Meditation can seem very busy now that we are seeing all our experiences. The feeling of calm that we had in Concentration Practice is gone. Noting can be an important too
l in the beginning to help us look clearly at our experience. Eventually, it will be replaced by a wordless noticing. We use a word in noting, spoken in the mind, that neutrally describes the experience. Noting is like a frame that holds the experience while we identify it without getting involved in thinking about it. It is like "stop action" in a film, a brief pause to see exactly what is there, then moving on. Some examples of neutral noting would be "itching" "hearing" "swallowing" "thinking". Sometimes, we may use more specific terms like "planning" "worrying" "remembering". The terms we use are still impersonal. We don't say "I am planning". We don't follow the experience and get caught in a thought process about it. We are still simply observing. If we do find ourselves planning or remembering, we simply note that and return to the breath.
Insight Meditation is sometimes called Mindfulness Meditation because mindfulness is the quality of attention we use. It is bare attention: bare of judgment, commentary, and decision. These particular patterns of thought are named because they are so common. "I should't do that when I am meditating" (judgment) "I wonder if anyone else is doing this or noticing what I am doing" (commentary) "I am going to tell my friend about this when I see her tomorrow" (decision). Mindfulness simply observes, simply sees. If judgment, commentary, or decision arises, we note them as "judging" "commenting" "deciding".
Feelings, in this context, are not about emotions. Feelings are characteristics of experience that are either pleasant, unpleasant, or neutral ( neither pleasant or unpleasant). Every experience has one of these characteristics associated with it. Why is it important to notice this? Because it is right there, with that characteristic, that reactivity arises. When an experience is pleasant we want it to continue. When an experience is unpleasant, we want it to stop! That wanting can be very strong and can lead us to some unskillful and even unwholesome speech or action that we may later regret. When we note or notice the pleasant or unpleasant quality, we have, in that moment, the opportunity to put a wedge of mindfulness in between the experience and our reaction to it. We then have time to respond more carefully and thoughtfully. This is a powerful daily-life practice as well as a meditation practice.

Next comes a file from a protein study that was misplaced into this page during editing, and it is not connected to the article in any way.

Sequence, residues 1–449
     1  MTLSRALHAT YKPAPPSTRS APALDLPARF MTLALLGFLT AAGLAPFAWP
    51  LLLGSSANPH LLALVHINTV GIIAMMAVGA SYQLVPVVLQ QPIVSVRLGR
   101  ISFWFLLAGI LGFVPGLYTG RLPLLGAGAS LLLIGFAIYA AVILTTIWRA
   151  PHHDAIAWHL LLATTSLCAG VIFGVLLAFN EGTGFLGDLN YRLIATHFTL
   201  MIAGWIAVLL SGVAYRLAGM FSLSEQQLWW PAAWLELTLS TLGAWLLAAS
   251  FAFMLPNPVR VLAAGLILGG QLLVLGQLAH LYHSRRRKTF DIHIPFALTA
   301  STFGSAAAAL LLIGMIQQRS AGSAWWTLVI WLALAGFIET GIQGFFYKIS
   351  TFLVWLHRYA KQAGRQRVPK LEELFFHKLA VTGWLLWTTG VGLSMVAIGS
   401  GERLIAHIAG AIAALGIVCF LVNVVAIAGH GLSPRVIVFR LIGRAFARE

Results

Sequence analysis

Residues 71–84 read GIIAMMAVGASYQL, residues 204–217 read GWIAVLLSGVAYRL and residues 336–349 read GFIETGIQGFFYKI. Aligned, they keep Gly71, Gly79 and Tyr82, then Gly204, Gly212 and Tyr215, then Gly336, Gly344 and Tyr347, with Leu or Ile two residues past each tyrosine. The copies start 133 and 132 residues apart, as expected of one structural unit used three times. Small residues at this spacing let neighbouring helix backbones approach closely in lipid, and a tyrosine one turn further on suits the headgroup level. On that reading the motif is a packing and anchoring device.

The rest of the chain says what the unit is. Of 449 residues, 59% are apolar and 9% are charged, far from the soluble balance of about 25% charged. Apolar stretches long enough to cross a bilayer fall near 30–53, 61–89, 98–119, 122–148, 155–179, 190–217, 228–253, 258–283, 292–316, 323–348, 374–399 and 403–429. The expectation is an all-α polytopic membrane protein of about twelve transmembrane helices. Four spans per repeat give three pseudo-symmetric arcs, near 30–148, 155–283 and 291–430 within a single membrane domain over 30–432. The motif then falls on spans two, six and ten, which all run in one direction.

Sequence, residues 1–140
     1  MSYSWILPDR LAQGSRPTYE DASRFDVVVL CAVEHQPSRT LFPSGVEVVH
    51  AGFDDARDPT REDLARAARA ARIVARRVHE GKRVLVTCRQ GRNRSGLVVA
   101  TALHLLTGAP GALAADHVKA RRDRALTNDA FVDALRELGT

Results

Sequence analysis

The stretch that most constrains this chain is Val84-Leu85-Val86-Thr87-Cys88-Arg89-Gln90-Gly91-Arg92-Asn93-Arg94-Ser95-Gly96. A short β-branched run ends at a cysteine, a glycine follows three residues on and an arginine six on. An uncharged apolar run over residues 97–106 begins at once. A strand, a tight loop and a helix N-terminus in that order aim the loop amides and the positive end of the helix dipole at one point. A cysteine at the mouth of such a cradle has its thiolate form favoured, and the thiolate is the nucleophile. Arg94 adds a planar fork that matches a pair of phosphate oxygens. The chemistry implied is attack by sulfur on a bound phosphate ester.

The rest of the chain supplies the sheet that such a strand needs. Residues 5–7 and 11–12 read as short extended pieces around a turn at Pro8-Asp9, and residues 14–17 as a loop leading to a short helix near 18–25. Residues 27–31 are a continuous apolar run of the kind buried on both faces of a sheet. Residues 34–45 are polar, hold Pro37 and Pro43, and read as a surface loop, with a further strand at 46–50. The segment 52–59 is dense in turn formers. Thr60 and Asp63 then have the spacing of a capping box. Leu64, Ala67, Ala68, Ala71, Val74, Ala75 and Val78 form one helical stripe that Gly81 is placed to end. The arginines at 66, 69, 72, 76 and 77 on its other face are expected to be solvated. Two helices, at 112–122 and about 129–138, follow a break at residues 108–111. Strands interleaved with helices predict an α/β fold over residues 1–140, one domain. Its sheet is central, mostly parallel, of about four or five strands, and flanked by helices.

Loving kindness is a quality of attention that we probably all recognize. The Greeks called it Agape. Some call it unconditional love. It is not just a personal caring about another person, although that caring probably has some characteristics of loving kindness within it. The loving kindness we refer to here is a deep open-hearted view of all beings, excluding no one, not even yourself. It recognizes that we all want to be happy, to be safe and comfortable, to have well-being. Imagine a world where we all had those things, or even a world that recognized that we all wanted those things.
I include this meditation, which is not Insight Meditation, because loving kindness is a lens through which we can learn to see the world in a new way. We cultivate a mind-state through this meditation that help create that lens. We use words to focus the mind on this quality. I will give you some here, but feel free to find any others that have meaning to you. This is not a petitioner's prayer. We are not asking for anything for ourselves or for others. We are opening our hearts to this quality and sharing it.
To practice this, we take our meditation posture and begin with attention on the breath. The words are spoken in your mind and addressed to particular beings. You may follow the traditional order, which I will give below, or any order which feels comfortable to you.
The words I suggest are:
May I/you be happy (and free from enmity).
May I/you be safe (and free from danger).
May I/you have comfort in the body.
May I/you abide in well-being( and peace).
Following is the tradition order:
A Loved One
A Neutral Person
A Difficult Person
In the West, many of us find it difficult to begin with ourselves, to open the heart and wish ourselves happiness, comfort, and peace. If it feels too difficult for you to open your heart to yourself, then just start with someone who makes it easy for you, like the Benefactor. We bring into the mind an image of the one to whom we are offering these wishes. Speak the wishes in your mind to the imagined one. Let the warmth of this loving kindness fill your heart/mind, knowing that there will always be enough to share.
This is a bare beginning for what I hope will be a life-long practice for you. To support that practice, look for books to read, places to go and sit in silence with others, classes or lectures to attend, and eventually meditation retreats for deeper practice over several days.
Most important is a friend, a spiritual friend, with whom you can talk about your meditation experiences and what you are learning. See it for yourself!
Ann Barden teaches insight meditation in Ann Arbor, MI, and San Miguel, Mexico.